I finished of doing previous thing, I'll check if there is anything new for me to crunch on, if not I'll yield the processor voluntarily in case some other thread needs it, but there is something so I can continue running my code from trace cache that would of been flushed in context switch...
I can see order of magnitude difference on those two approaches. Remember TLB miss is REALLY expensive, as a instruction cache misses, and getting stuff from mainmemory.

Re:White elephant? (0)

Anonymous Coward | more than 9 years ago | (#11734274)

Consider the fact that you can get extremely high performance for a high specialized task using an FPGA. It's conceivable that they could create hardware designed for these specific tasks that could outperform the main CPU (for these specific tasks) without requiring transistor densities as great as those needed for the top of the line general purpose processors.

For some tasks a general purpose processor can be at a disadvantage since it carries "dead weight" unneccessary for the task.

Re:White elephant? (2, Insightful)

Trogre (513942) | more than 9 years ago | (#11734279)

Try telling that to Amiga fans in 1989-1992.

Those little boxes were masters at multi-processing, and they did it right - one processor for pretty much every major peripheral task (disk, graphics, sound, something else I can't remember).

As long as these Intel coprocessors are going to be an open standard (which they almost certainly won't), then I'd welcome this addition to PC architecture.

And the CPU doesn't have other things to do? (3, Insightful)

Moderation abuser (184013) | more than 9 years ago | (#11734323)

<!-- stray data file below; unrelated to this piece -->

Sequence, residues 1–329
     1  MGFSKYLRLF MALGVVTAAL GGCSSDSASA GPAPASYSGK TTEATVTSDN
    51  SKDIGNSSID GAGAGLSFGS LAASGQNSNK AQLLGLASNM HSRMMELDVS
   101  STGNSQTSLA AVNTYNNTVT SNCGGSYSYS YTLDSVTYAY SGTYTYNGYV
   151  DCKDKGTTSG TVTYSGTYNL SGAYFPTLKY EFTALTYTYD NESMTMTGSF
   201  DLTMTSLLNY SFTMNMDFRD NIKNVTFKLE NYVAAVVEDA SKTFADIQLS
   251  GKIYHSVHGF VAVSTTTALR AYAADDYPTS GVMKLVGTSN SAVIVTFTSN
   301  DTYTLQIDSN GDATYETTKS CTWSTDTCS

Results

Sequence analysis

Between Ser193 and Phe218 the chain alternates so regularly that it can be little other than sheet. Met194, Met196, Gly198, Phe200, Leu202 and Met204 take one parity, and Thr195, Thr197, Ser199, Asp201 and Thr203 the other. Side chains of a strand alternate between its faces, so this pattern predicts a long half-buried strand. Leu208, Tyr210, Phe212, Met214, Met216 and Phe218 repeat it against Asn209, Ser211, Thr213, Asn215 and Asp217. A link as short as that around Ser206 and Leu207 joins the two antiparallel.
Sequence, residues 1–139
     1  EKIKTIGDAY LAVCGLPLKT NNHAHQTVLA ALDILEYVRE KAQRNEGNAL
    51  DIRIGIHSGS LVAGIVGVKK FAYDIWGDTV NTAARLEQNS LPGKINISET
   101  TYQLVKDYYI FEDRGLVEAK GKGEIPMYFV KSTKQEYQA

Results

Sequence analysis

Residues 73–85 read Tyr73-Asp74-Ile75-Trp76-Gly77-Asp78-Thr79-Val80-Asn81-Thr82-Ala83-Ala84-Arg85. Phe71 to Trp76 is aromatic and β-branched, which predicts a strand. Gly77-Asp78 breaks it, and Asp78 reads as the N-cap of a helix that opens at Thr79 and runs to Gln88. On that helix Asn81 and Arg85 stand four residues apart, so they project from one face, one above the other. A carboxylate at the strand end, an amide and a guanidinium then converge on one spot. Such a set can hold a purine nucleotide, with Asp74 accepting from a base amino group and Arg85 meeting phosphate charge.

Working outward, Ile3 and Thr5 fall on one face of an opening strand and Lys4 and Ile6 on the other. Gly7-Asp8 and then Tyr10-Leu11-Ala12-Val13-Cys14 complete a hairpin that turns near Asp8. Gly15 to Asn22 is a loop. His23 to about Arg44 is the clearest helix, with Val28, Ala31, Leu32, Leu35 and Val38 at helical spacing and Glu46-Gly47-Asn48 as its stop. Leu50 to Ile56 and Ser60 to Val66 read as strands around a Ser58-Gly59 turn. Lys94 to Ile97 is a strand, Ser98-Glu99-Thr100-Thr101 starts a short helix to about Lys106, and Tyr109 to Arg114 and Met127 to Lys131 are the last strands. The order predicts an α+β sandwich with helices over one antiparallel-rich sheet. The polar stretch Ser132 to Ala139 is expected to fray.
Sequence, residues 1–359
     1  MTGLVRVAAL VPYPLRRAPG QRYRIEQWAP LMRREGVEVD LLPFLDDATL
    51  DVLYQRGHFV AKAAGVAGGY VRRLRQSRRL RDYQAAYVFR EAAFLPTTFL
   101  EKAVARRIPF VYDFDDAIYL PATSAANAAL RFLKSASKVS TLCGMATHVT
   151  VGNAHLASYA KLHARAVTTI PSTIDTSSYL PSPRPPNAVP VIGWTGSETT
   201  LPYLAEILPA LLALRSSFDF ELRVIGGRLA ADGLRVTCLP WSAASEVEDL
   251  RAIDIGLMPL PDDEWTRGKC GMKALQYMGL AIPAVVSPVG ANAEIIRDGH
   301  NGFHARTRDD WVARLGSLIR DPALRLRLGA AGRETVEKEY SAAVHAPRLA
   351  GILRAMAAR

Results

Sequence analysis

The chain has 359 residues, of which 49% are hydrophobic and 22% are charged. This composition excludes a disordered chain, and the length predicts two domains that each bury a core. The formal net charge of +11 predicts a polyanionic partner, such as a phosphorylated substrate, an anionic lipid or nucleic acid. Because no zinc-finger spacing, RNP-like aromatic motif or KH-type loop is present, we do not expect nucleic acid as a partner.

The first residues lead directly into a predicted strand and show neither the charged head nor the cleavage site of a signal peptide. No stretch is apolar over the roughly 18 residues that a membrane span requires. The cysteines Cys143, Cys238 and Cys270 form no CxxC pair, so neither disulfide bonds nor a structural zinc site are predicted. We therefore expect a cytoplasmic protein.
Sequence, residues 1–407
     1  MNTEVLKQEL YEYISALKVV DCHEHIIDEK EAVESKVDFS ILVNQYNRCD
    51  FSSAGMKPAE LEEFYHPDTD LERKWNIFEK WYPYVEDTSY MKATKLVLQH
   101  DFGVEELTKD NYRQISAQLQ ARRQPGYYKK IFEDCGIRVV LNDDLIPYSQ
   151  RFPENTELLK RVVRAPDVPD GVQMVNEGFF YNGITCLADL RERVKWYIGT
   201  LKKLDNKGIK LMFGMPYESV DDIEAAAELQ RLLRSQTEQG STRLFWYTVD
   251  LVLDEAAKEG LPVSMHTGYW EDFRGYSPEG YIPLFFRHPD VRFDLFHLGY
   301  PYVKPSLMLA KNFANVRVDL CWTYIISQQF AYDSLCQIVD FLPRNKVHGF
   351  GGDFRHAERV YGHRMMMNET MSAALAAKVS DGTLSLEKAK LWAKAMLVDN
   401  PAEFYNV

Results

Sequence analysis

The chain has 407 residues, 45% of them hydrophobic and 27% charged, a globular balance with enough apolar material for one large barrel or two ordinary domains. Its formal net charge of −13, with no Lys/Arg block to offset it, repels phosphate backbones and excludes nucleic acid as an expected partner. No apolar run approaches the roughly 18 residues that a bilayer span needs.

My boxes all run tens to hundreds of processes for tens to hundreds of people. Offloading the processing to a networking subsystem isn't going to hurt, especially with gig and 10gig.

Not that this is a new idea. It's been done for donkey's years.

Is that the same Tannenbaum that said.... (1)

droopycom (470921) | more than 9 years ago | (#11734408)

... that Linux was an obsolete design ?

If so, I will beware any bold predictions he make.

He might be right in theory I guess ... but in practice ?

Fastest network card EVAR (4, Funny)

Anonymous Coward | more than 9 years ago | (#11734116)

I was one of the lucky few who beta tested this. The plus side is you can overclock your network card to download faster than the remote server bandwidth. I did not try it, but I would be able to slashdot the slashdot.org website just by browsing it.

Security updates (4, Funny)

KiloByte (825081) | more than 9 years ago | (#11734119)

As we know it damn well, shit happens all the time.

So... how exactly are they going to ship patches in the case of a security issue?

Re:Security updates (3, Informative)

TheRagingTowel (724266) | more than 9 years ago | (#11734347)

Flash memory. It's been done all the time.

the good, the bad, the ugly? (1, Interesting)

Interfacer (560564) | more than 9 years ago | (#11734124)

It seems such an obvious thing: make a tcp/ip processor, put it on a NIC and give it a high level interface, instead of just a low level IP interface.

makes you wonder why nobody has done it before...

maybe this is some plan of intel to control the internet: add some secret DRM capability to it, wait until everyone until everyone is using it, and then take over the world.
Or -door number 2- sell your services to the NSA.

Re:the good, the bad, the ugly? (0)

Anonymous Coward | more than 9 years ago | (#11734170)

It has been done before.

Re:the good, the bad, the ugly? (2, Interesting)

DietCoke (139072) | more than 9 years ago | (#11734206)

The problem is that you're still dealing with a bottleneck at the system bus, AFAIK. I installed a CAT-6 network at home today and had to do quite a bit of reading to determine whether it was worth doing. I read in numerous places that with gigabit network that you essentially need a 1Ghz processor just to keep up with the data coming in. Now, placing that processor on the NIC might make sense, but it would seem to me that it'd still have to be at least equal to the processor to be able to handle the data in a steady stream.